The scenery is lavish- tropical aquatic plants, rocks, brightly colored fish, jelly fish, the turtles (Oh those turtles) –basically everything that you’d expect to find in the shallower parts of the Big Blue.  After a while you might get a little bit bored of idealistic tropical sea.     Have no fear (Ill try not to ruin anything-but the title suggests it) you will venture forth in time, backwards and sideways in time (if that’s possible) you will go from perfect seas to murky green, water filled tanks of the disastrous future or past, I can’t remember and into the FOE’s craft.  All areas of the game have the similar ‘watery’ look about them, but they are so different from one another that it keeps the game interesting.

One of the most impressive levels in the game- is where you are jumping between water pockets, suspended a few hundred feet above a large island- really quite breath taking, nothing like anything I have seen in any other game.

 

Gameplay:

  As mentioned earlier, when I first saw the game in development, I thought that I was looking at FMV and that even if the graphics in the game were ‘that’ good it would never play well.  My fears went to a new level, when the Official Dreamcast Magazine released a preview of them game on their demo disc and the preview was only a slide show! At the time I was thinking the absolute worst- the graphics were great- but why were they only showing pictures of the game?  Surely it should be near completion- perhaps the game doesn’t run very well.

  I have to say being pessimistic does have its pay off.  I bought the game on the day of release and was greatly surprised.  Not only were the visuals better than first previewed- but the game was/is unbelievably smooth.  Ecco glides smoothly through the water like, well a dolphin.  All of animations in the game are perfect.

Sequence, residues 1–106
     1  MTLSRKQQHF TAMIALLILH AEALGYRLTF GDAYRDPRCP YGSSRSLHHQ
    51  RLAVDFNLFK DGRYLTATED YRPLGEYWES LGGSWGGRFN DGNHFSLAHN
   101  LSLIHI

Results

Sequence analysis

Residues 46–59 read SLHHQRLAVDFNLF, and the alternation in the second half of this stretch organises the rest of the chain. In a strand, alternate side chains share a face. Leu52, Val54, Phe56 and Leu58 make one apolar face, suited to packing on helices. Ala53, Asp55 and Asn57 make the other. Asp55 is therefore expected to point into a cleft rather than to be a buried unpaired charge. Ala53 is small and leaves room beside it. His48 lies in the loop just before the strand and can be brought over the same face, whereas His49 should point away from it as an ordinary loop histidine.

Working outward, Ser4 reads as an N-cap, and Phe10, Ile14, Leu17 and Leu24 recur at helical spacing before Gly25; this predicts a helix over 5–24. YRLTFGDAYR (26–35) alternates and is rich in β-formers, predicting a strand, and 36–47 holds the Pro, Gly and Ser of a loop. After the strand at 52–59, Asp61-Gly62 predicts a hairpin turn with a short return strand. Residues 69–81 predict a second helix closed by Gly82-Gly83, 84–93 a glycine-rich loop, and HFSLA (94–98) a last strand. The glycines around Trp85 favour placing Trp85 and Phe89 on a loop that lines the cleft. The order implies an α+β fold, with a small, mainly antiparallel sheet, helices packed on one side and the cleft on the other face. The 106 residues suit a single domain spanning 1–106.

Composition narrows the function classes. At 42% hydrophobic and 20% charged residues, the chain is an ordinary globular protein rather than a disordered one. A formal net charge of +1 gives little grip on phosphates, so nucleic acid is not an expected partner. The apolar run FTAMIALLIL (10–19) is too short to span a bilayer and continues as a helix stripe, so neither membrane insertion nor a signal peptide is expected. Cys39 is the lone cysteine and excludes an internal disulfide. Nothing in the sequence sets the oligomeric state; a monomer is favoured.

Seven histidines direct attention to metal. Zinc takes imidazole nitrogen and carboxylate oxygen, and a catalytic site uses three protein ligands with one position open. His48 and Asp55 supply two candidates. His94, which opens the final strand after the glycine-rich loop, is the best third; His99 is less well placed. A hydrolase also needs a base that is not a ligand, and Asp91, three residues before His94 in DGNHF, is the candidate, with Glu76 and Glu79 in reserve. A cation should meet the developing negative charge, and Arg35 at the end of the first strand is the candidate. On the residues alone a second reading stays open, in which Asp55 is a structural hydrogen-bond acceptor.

There are only a couple of points where I have had slow down.  But I would be speeding along, usually running away from a shark or giant eel and I would try to hide in between some rocks- but get stuck. I say stuck- but I haven’t found anyway to actually get so stuck that you have to restart the level or anything.  Ecco usually slides out of any fixes with no real trouble –occasionally though, when in a very tight spot, the game will slow down a bit as Ecco frees himself- but only for a few seconds, you will not find yourself having trouble completing a level because of this.

  The controls in the game are very easy to start with, but hard to perfect.  All movements are easy to pick up as soon as you start playing- but as you progress, you may find that you need to master certain combos- like stunning an enemy- hitting them then quickly shooting off avoiding his mates and jumping high into the air, landing in a nearby pool.  There are some areas, late in the game, where you do need a certain amount of precision, especially in jumping or swimming really fast to get somewhere just in time.

  The levels progress well, along side the story- new tricks and traps are utilized, so you don’t feel the monotonous repetition that occurs in certain games (Mario Sunshine or Phantasy Star Online)

  The game is quite challenging in areas and you actually feel yourself thinking about what to do next and how you could use Ecco’s powers to defeat that giant…(I won’t give that away-but it’s a goodie)

 

Presentation: